Silhouette photography works best when you have a recognizable subject that can be identified by its shape against a brighter object. (How’s that for a good photography dictionary definition!) The key to making this work is to show the main object completed devoid of any light.
Elena and I were driving along somewhere in rural Iowa (don’t ask why, I’m guessing we had good reasons at the time) and the light kept fading as night approached. (I’ve noticed this about night, the light keeps fading). I found this strip of dead trees, barbed-wire fence, and a cloudless sky and I loved how stark it was–the making of a good (identifiable) silhouette.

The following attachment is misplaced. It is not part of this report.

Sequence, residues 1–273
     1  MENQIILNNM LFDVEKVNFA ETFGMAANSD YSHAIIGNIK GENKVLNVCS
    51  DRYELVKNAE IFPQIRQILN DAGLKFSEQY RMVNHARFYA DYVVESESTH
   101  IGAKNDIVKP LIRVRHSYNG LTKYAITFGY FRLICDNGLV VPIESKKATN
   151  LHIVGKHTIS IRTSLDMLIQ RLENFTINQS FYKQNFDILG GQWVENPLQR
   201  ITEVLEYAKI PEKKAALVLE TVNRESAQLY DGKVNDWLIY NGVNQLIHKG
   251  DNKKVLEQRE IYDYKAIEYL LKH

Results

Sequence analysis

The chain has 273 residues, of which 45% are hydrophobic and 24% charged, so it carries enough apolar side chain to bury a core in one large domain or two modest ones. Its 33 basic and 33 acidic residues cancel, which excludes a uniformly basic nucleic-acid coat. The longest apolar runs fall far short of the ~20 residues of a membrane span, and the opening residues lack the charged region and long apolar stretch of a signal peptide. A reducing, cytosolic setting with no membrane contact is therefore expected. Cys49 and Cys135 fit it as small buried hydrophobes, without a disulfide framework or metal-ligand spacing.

This image works surprising well even though the “main focus” of the stunted tree is almost centered in the frame. Centered is not normally where you want to position the picture’s emphasis (see blog, “Don’t Be Centered, Grasshopper (and Other Zen Koans”). But in this case the trees on the left and the taut barbed wire on the right continue the isolation theme. I also made a point to show more of the sky (more than two-thirds of the image) than the land (less than one-third) to create an interesting composition, or at least a restrained, hopeless, forlorn, depressed, stark, and unwelcoming composition; I was thinking of an anti-depression ad (“Is this how your day looks, then try, Reverse Silhouette where everything looks brighter against a very black background.”).